The Letcher County Water and Sewer District has approved contracts for three major projects to provide treated water to rural Letcher County residents.
The Water and Sewer District’s Board of Directors said work on the projects should begin in a matter of weeks. The board voted unanimously its October meeting to approve a contract with Ronnie Mullins and Sons for the $214,832 Phase I of the Thornton Water Project. The board also voted unanimously to approve a contract with Stott’s Construction for the $175,051 project for Premium Phase I and a contract with Cumberland Pipeline for the $1,206,934 Red Star/Ulvah Water Project.
Board Chairman Phillip “Pee Wee” Back told the board that each contractor had been checked by Bell Engineering and all bids were found to be solid. Bell Engineering also reported on the progress of other projects in the works:
• Jamie Noe of Bell told the board that construction is ongoing on the Knott County Interconnect (KCI). The KCI work is also being done by Stott’s Construction of London, and will be finished soon.
• The Garner Mountain Project has been approved by the Kentucky Division of Water (DOW) and can commence construction at the board’s directive.
• The Loggy Hollow Project at Dry Fork has also been approved by the DOW and will begin when funding is available.
• The Copperhead Road Water Line relocation at Craft’s Colly is currently being handled by Ronnie Mullins and Sons contractors who will begin work on the Thornton Project as soon as the relocation is complete.
• Abandoned Mine Lands has advised Bell Engineering that $3,000,000 will be available for the Pine Creek, Pert Creek, Cram Creek and Elk Creek, Bull Creek, and Carcassonne Water Projects in 2011 and project layouts are complete on the Millstone and Deane/Beaver Gap Water projects.
Benny Hamilton of the Kentucky River Area Development District (KRADD), who is working with the board to manage project funding and grants, told the board the Appalachian Regional Commission dropped a grant for funding Phase II of the Premium/ Highway 160 Project, but added that it will be resubmitted before the deadline of November 1. Hamilton also told the board that coal severance tax funds in line items in the state budget will be administered through the Governor’s Office of Local Development and funding will be allocated by the Kentucky Infrastructure Authority. Hamilton reminded the board of debt service payments due to KIA in December and January and said he is looking for money within leftover grants and other funding sources to pay the bi-annual payments without taking money from project funding.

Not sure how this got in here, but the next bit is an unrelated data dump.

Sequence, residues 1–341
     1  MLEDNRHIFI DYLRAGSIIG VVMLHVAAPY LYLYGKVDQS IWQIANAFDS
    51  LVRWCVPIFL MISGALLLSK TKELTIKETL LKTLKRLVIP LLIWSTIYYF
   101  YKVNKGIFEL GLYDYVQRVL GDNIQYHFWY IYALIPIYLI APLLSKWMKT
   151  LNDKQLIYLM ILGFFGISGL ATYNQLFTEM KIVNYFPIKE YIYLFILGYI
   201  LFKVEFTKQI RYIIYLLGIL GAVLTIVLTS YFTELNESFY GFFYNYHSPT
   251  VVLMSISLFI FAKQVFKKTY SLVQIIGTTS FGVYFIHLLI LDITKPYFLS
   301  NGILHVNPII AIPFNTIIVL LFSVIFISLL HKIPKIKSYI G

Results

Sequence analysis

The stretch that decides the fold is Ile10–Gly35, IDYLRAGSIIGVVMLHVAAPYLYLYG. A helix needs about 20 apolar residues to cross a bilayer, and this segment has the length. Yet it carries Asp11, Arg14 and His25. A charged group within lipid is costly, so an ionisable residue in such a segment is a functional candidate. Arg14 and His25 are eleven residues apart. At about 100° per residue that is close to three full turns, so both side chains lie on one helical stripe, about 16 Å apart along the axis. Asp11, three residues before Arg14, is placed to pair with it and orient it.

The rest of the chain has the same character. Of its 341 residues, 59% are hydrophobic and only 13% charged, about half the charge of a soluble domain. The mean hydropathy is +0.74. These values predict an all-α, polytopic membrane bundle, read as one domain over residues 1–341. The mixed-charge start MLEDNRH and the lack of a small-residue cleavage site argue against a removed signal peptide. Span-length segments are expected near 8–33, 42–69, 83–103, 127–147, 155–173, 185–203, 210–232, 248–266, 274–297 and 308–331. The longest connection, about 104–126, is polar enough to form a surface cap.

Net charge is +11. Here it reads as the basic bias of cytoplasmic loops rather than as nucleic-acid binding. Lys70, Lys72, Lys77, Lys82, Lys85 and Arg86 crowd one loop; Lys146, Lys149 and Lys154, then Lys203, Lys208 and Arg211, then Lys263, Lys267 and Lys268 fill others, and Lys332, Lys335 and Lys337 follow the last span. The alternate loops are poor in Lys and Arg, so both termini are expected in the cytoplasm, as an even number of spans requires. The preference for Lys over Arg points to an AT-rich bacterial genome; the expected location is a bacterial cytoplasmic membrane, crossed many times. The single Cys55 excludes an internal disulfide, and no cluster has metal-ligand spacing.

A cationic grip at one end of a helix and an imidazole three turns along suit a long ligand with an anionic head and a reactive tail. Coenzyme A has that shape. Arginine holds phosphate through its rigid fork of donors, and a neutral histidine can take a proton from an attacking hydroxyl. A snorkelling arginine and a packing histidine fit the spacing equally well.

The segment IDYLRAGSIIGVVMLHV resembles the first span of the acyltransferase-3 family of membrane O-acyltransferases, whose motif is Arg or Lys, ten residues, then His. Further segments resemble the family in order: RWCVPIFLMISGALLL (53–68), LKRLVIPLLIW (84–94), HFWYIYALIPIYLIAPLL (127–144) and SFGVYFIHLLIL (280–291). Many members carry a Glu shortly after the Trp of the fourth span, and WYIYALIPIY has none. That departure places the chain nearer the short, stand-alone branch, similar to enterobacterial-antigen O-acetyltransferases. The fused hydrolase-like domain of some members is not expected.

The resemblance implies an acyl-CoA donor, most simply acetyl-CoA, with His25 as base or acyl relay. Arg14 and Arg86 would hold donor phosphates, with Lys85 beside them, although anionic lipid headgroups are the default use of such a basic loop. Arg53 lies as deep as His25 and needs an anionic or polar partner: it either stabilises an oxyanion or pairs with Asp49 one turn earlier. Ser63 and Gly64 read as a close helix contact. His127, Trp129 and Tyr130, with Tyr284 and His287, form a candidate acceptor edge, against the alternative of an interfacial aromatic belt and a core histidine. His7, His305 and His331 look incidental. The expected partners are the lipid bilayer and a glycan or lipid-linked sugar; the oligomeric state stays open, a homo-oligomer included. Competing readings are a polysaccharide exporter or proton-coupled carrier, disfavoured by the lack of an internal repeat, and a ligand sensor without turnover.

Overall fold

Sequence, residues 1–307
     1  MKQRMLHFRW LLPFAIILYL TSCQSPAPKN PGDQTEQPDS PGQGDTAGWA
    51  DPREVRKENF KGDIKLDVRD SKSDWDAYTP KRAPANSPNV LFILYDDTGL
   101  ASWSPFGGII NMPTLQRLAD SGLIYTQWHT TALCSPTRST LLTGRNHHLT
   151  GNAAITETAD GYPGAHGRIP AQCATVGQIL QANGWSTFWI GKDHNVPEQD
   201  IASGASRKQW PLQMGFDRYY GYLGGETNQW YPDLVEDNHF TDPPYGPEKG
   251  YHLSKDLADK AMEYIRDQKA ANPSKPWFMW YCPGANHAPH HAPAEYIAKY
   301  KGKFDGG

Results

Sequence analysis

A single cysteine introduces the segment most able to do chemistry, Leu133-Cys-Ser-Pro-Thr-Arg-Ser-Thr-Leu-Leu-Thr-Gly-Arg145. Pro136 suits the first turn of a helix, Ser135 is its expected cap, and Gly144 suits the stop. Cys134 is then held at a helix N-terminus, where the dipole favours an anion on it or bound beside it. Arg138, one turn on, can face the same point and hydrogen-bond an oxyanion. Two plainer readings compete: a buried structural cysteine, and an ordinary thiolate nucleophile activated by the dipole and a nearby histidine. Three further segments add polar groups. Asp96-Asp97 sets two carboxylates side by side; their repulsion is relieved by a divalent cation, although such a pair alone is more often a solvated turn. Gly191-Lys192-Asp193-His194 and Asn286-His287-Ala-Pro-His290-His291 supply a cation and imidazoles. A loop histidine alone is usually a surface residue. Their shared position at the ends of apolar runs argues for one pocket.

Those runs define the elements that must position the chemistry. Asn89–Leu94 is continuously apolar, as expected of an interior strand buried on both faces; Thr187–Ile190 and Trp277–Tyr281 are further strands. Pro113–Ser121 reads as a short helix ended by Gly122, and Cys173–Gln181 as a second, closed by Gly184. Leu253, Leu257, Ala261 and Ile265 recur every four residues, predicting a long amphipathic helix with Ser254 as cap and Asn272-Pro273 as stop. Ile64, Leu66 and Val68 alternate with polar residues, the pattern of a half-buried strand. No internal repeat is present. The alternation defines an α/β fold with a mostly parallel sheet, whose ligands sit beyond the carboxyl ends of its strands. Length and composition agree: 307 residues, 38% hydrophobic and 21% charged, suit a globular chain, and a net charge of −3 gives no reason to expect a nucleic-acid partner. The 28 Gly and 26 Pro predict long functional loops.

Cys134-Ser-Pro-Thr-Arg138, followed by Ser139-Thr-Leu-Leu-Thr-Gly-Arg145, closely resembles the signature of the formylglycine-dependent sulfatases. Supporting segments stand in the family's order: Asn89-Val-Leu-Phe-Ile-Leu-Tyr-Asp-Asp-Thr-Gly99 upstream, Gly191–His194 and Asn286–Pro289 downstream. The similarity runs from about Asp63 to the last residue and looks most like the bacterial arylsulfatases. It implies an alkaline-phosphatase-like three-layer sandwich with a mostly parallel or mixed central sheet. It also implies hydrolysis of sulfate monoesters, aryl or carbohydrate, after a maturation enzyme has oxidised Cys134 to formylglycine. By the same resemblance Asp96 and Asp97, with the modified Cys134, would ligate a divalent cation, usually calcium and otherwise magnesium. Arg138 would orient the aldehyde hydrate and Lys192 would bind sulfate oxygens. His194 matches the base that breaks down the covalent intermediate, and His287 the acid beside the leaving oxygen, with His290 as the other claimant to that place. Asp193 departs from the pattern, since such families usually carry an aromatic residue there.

Joe Burns of Kentucky Rural Water (KRW) visited the meeting and told the board he is working with the Cities of Cumberland, Benham, and Lynch on their water projects. Burns said the three Harlan County towns want to consolidate their water systems and eventually have interconnected lines. Burns said he believes this is the best solution and Cumberland and Lynch have already voted in favor of it. The Benham Council did not have a quorum for its scheduled meeting but met again this week. He said there are no objections on the Benham Council for the merger and that a combined board will be formed in December. Burns suggested the Letcher County District send representatives to the new board’s January meeting to discuss providing water to the Cumberland River area.
Burns also mentioned a report KRW had done for the district when Greg Pridemore had served as director. He said KRW made a number of suggestions to improve the efficiency of the system and asked to meet with the board soon to discuss the report. The board agreed to the meeting and also approved sending Superintendent Tim Reed to the KIA’s Utilities Management Program classes. Burns said the courses concern organization, laws, finances, personnel management, and other subjects important to municipal utilities. The board also voted to send Reed, secretary Tiff any Collins, and board member Bernard Watts to a Public Service Commission training session at General Butler State Park in November.
District Superintendent Tim Reed told the board the district has 1,875 active customers and district workers completed 65 work orders in September. He said he had attended a KRADD meeting earlier that day and said the district was on the top of KRADD’s list for allocation of funding when it comes through. Reed also said a district Jeep is “shot” and recommended the board look at purchasing a used vehicle to replace it. He said there is about $10,000 in discretionary funds which can be used for a replacement vehicle. Board Chair Back said the Jeep is not worth the approximately $2,500 county garage mechanics estimated it would take to repair it. Reed also told the board a backhoe needs to be replaced and that hand reading meters now takes 25 percent of his workforce for several days each month.
Benny Hamilton said that most grants do not offer discretionary funds for vehicle or equipment purchases and suggested the best way to get funding would be to have it placed in line item funding in the state budget. Reed said a radio meter reading system would cost about $200,000. The board directed Reed to look to replace the vehicle first and asked Tiff any Collins to look at software updates for the billing system as well.